Mondays are for Church History - 10/3/16
Gonzalez, Justo L. The Story of Christianity: The Reformation to the Present Day. Revised and Updated ed. Vol. 2. New York: HarperCollins, 2010b. Kindle Electronic Edition.
Chapter 7 “John Calvin” Loc. 1272-1443.
Gonzalez identifies John Calvin as “the most important systematizer of Protestant theology in the sixteenth century” (Gonzalez 2010b, Loc. 1278). He contrasts Calvin’s work as a systematician to Luther’s work, largely focused on the freedom of justification.
Calvin, born in 1509, had connections and resources for advancement in the Church (Gonzalez 2010b, Loc. 1286). Family conflicts with ecclesial authorities redirected Calvin’s studies to law, in which context he became very familiar with the elite humanism of his time (Gonzalez 2010b, Loc. 1294).
During studies in Paris, prior to 1534, Calvin broke with Rome and joined the Protestants, though Gonzalez does not find a date or cause (Gonzalez 2010b, Loc. 1294). In January 1535 Calvin went to Basel, in exile (Gonzalez 2010b, Loc. 1302). His desire was to write treatises explaining the Christian faith (Gonzalez 2010b, Loc. 131). This resulted in his first edition of the Institutes in 1536, which grew in scope in future editions (Gonzalez 2010b, Loc. 1317). The definitive text, released in Latin in 1559 and French in 1560, is four volumes with a total of eighty chapters (Gonzalez 2010b, Loc. 1324).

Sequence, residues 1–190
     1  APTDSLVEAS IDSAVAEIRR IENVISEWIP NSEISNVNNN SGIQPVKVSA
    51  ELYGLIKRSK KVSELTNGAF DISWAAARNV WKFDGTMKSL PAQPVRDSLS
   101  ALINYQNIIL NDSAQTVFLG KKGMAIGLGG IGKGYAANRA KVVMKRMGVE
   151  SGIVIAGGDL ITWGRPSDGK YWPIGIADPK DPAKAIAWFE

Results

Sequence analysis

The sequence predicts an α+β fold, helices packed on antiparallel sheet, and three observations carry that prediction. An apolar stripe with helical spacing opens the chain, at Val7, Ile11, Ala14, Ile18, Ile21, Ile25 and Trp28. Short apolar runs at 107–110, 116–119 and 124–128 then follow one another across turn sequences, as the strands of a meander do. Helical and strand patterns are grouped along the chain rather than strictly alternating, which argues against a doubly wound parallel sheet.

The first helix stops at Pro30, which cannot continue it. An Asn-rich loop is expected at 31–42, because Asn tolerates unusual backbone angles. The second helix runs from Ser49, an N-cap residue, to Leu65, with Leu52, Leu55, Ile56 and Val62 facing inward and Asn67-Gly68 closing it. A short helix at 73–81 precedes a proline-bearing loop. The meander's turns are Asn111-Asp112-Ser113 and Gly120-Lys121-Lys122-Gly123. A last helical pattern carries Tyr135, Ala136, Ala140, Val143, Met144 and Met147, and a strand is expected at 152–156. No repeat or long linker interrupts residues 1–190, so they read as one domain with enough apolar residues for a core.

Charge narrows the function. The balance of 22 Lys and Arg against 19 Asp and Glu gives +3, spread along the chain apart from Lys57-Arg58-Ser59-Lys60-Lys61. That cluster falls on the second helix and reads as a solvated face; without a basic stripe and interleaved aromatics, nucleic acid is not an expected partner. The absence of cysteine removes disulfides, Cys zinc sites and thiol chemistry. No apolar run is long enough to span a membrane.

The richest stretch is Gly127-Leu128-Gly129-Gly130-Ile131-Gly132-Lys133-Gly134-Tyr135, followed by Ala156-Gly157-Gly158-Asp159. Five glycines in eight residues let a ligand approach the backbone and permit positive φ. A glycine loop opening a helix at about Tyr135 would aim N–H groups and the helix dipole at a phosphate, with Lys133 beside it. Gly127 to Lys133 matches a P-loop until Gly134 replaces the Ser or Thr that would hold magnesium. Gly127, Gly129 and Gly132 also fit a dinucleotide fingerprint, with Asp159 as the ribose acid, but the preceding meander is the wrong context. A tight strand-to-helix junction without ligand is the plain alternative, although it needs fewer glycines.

Desiring to relocate to Strasbourg in 1536, Calvin made a detour to Geneva, where the new Protestant leadership eagerly solicited his help and support (Gonzalez 2010b, Loc. 1340). He quickly became influential in the city. He insisted that excommunication was a function of church and not civil government, a stand which resulted in his exile from Geneva (Gonzalez 2010b, Loc. 1364). From 1538-1541 he lived in Strasbourg, where he worked on the Institutes, a French liturgy, and where he married (Gonzalez 2010b, Loc. 1371).
In 1541 Calvin was able to return to Geneva, where he managed to negotiate a church body which would hold some civil authority (Gonzalez 2010b, Loc. 1379). The work of governing was held in four orders - pastors, teachers, elders, and deacons (Gonzalez 2010b, Loc. 1386). There remained a separate civil government, which clashed with the church government.
After a theological dissident, Michael Servetus, was executed for heresies, not for his medical work, Calvin was well established in his authority (Gonzalez 2010b, Loc. 1401). Calvin died in 1564 (Gonzalez 2010b, Loc. 1409).
Theologically, Calvin’s position on communion, the most divisive issue of his time, was between the positions of Luther and Zwingli. The presence of Christ is real but spiritual rather than bodily. In communion, since Jesus is in heaven, the believer is taken to heaven spiritually to be in the presence of Christ (Gonzalez 2010b, Loc. 1417). In Gonzalez’ view, though Luther and Calvin may have been able to reach agreement, their followers would not (Gonzalez 2010b, Loc. 1425). Calvin’s influence through the Institutes spread broadly in Europe, with an emphasis on reforming society (Gonzalez 2010b, Loc. 1434).
All the work of Wittenberg Door Campus Ministry, including this blog, is supported by the generosity of people like you. Please consider joining our team of prayer and financial supporters. Read more here!